In this finding is a cautionary tale for Fairfax: size does not necessarily shape content (as the Financial Review has so far shown) but the political economy of newspapers demonstrates that it can. Whether it does or doesn’t largely depends on the power and editorial perspective of the editor – one free of the editorial compromises that corporate responsibilities of a masthead can bring.

Andrea Carson is a lecturer in media, politics and society and was once a journalist at The Age. She has submitted a PhD about the future of Australian broadsheets.

The Conversation

This article was originally published at The Conversation. Read the original article here.

Comments


  1. NJK
    4 Mar 13
    11:05 am

  2. Today’s SMH just looks like a slightly reworked (and slightly better) Sun Herald. The problem is they are stuck between two worlds – still with the broadsheet pretence but in a tabloid format. I expect the Fairfax bosses will take a long, long time to admit it’s “tabloid” and will carry on with the B.S “compact” notion, which isn’t fooling anyone. In a world of journalism where euphemisms are frowned upon, compact is the dumbest of them all.
    Fairfax’s own Newcastle Herald went “compact” a long time ago, and it’s only just now realising that it is in fact a tabloid. If the SMH takes that long to adjust, it won’t survive.

  3. Technojames
    4 Mar 13
    11:25 am

  4. Size may not matter but in the following article:

    http://www.smh.com.au/nsw/leth.....2ffep.html

    had a photo with the following caption “Greg Wood … decieded to try heroine.”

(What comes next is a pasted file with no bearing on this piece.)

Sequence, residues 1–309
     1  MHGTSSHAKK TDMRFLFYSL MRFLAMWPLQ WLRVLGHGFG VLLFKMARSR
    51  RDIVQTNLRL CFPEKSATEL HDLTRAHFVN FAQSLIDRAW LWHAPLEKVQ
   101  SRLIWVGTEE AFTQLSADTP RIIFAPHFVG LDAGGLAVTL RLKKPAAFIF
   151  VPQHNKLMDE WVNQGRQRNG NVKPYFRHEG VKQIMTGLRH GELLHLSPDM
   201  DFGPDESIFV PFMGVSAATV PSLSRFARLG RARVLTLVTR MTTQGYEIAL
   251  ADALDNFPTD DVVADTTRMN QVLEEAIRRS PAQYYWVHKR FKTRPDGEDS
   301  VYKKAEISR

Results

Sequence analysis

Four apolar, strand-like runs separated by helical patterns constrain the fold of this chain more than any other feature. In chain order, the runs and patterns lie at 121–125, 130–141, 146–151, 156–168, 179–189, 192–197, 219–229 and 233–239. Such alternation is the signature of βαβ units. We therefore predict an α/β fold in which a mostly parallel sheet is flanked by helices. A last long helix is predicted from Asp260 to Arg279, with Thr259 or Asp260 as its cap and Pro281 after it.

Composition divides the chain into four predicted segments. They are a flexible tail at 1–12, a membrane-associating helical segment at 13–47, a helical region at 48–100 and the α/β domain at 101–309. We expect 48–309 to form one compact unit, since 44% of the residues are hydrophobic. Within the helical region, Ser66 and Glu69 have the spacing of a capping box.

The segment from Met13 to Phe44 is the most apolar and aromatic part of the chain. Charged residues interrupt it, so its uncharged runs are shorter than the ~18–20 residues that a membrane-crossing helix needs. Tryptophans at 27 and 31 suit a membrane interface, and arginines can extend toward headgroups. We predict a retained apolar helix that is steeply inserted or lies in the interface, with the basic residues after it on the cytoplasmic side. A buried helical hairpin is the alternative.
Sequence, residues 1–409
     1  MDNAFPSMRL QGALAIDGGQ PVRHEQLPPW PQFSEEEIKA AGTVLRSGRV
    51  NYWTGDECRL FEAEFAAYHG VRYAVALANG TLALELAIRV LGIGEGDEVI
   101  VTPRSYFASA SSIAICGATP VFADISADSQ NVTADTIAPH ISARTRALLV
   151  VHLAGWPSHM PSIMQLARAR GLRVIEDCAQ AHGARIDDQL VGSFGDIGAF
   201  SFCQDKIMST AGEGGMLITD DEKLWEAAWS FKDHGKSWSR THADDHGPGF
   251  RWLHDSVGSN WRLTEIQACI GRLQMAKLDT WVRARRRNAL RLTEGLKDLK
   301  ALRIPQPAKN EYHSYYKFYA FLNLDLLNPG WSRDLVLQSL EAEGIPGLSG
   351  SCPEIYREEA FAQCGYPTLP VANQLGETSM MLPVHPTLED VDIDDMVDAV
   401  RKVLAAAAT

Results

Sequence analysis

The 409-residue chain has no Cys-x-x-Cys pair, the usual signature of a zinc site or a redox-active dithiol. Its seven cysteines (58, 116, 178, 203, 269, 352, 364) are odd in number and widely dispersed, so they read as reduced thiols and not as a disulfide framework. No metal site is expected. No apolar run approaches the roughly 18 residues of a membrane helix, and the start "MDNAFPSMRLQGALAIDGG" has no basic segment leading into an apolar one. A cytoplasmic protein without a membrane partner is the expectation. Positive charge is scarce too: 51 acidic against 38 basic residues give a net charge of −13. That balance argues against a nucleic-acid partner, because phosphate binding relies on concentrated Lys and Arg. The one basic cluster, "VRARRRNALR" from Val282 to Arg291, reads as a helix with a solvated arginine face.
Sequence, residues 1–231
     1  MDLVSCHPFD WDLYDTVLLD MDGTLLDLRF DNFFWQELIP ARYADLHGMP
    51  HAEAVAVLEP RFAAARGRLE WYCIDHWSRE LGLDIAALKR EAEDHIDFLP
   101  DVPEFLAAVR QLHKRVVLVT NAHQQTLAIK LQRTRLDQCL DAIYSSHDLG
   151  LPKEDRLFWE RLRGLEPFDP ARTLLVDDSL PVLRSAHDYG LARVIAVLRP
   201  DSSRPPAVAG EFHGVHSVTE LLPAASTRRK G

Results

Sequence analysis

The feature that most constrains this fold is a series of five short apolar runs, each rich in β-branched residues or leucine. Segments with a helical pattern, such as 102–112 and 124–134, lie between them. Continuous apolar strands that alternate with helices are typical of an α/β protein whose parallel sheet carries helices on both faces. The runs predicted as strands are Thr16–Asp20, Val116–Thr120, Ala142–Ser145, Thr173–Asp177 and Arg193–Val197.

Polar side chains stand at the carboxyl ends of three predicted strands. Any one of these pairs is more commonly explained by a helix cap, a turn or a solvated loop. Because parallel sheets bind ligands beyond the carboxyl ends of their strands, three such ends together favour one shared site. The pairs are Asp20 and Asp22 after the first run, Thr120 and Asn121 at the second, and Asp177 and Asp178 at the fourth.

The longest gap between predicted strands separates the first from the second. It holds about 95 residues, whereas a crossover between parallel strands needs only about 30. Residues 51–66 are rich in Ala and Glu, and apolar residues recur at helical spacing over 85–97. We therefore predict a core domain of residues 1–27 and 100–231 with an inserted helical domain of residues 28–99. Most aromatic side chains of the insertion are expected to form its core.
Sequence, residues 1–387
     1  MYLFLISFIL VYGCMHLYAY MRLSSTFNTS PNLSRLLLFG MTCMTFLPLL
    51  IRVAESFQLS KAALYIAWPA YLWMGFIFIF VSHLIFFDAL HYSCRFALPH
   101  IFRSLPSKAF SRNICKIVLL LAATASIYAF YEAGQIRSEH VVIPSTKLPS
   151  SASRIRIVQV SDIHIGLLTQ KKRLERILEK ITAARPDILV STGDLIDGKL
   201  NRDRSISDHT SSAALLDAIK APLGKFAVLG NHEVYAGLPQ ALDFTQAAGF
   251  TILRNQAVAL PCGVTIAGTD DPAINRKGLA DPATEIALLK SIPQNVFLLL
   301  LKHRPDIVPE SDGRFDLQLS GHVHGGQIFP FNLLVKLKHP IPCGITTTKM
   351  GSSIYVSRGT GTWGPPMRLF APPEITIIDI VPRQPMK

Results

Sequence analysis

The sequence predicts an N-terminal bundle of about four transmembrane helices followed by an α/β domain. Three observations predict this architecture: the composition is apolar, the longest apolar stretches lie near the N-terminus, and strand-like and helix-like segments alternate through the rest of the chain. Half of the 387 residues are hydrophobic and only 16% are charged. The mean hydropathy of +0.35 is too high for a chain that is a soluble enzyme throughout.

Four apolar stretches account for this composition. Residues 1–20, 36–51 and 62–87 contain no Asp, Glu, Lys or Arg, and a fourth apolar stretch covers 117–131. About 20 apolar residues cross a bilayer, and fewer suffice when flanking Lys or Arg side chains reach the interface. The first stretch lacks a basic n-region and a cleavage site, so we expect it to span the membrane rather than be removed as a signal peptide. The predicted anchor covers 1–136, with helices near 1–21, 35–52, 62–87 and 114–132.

I’m going to assume it is bring your child to work day…

  5. Alistair McEwan
    4 Mar 13
    11:39 am

  6. Interesting research and no doubt merit to it. Two observations. As a reader of The Times in the UK, the product post compact change was more appealing to read, both the content and physically (tube and train nightmare with broadsheet). What felt like a paper for my parents before the change began to feel like a paper for me post downsize.

    However, paper change is a moot point, all media now compete for the mobility empowered reader, so this is not a game changer but a sensible way for newspaper media to position their brands to younger, digitally driven demos and this means shaping the content and critically the brand accordingly. No baby out with the bath water though.

  7. paul the freelance writer
    4 Mar 13
    1:22 pm

  8. Like comparing the woolly mammoth with the sabre-tooth tiger.

  9. James
    5 Mar 13
    1:46 am

  10. The “Resized” Papers will look more at home along side their free counterparts. Much easier to light BBQ’s with.

  11. Researcher
    5 Mar 13
    3:45 am

  12. I am assuming the research that Andrea has done was purely of the desk variety.